What's the Difference Between "Real" Contractions and Braxton-Hicks?KateTietje
I’m in my third pregnancy now, so I’ve had my share of both Braxton-Hicks (“fake”) contractions, and real contractions. They are distinctively different. But — especially your first time — it can be hard to tell which is which. I was inspired to write this post because this time around, I’ve had a lot of Braxton-Hicks, starting rather early on. For me, at this point, it’s clear that they’re not real. But for a mama in her last weeks of pregnancy, when she can’t wait to go into labor, it’s kind of crucial to know the difference!
So, how do you tell the difference between Braxton-Hicks and “real” contractions?
First of all, Braxton-Hicks contractions, while “fake” in the sense that they are not actively dilating your cervix, are otherwise very real. As your pregnancy progresses, your uterus must stretch to accomodate the baby, placenta, fluid, etc. It also must “practice” contracting so that when the time comes, it’s ready to cause real dilation. Braxton Hicks are normal and necessary to the pregnancy.
Although these start very early on — usually in the first trimester — many women don’t notice them until in the second or third, especially with their first baby. Partially it is because they are fairly weak, and partially it’s because they don’t know what they’re feeling. I didn’t feel them until my last few weeks with both my first and second baby; I started to feel them at 14 weeks this time! (No…feeling them late doesn’t mean you’ll go overdue; and feeling them early doesn’t mean you’ll have preterm labor.)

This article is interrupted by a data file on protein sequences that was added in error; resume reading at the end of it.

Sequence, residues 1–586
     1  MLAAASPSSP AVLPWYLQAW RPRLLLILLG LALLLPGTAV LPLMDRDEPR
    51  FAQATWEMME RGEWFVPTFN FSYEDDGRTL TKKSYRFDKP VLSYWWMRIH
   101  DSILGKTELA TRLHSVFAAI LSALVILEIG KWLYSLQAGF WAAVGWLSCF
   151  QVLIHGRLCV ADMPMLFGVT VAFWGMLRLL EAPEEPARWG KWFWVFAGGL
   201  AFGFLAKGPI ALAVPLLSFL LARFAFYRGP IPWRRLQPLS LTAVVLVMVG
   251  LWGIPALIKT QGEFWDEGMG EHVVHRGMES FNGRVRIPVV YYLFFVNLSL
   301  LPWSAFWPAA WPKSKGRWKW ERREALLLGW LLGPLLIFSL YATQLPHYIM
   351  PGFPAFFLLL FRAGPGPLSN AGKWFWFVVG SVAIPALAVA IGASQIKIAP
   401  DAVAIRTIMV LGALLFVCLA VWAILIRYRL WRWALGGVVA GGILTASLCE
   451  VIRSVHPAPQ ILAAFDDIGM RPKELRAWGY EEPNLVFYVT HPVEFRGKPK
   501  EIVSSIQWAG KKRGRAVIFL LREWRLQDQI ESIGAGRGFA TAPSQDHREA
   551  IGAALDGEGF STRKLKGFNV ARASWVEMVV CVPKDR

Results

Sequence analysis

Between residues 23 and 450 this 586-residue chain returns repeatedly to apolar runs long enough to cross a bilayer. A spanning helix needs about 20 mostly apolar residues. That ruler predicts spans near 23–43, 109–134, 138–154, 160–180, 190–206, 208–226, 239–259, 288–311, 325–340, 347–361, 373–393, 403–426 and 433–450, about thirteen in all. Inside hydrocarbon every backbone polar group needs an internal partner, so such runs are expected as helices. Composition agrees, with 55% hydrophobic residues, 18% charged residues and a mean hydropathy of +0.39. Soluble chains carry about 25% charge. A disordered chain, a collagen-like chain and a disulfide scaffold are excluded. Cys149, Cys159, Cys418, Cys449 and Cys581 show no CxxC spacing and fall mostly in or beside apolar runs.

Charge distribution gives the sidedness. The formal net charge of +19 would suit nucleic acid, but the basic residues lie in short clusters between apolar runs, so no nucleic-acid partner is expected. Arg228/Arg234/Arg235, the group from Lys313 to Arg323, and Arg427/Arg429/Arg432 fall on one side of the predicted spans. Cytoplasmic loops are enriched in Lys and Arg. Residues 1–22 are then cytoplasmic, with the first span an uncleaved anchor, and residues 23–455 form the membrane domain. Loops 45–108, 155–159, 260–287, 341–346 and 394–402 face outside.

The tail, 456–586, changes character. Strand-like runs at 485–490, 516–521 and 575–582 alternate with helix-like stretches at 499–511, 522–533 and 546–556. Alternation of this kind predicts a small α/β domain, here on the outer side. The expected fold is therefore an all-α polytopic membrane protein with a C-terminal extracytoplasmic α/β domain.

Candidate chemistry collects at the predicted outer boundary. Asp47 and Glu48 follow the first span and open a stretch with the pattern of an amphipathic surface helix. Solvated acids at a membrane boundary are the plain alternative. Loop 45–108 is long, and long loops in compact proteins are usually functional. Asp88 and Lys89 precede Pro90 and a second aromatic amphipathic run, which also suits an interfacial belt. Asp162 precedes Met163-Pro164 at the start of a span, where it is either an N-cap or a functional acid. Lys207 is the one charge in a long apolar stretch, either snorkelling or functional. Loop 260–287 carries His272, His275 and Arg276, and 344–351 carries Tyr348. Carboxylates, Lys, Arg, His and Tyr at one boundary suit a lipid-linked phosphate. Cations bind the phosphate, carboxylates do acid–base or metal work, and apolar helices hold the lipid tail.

A Braxton-Hicks contraction is an overall tightness or slight cramping feeling. You may feel them very high up, or you may feel them across the middle. They kind of start out of nowhere (often brought on by lots of motion or being active), last a short time, and go away. There is no slow worsening or “peak” to them, and they don’t really cause pain. Just a noticeable tightness. They also tend to go away if you drink water or sit down for awhile.
Real contractions, on the other hand, feel very different. You’ll feel them very low, either in front or back, sometimes wrapping around. It’s a serious tightness that grows in intensity, peaks, and drops off again. They don’t go away or change if you move around, sit down, drink water, etc. If you feel this and you are before 37 weeks — call your doctor immediately!
How were Braxton-Hicks contractions different from “real” ones for you? How did you know the difference?
Top image by deanj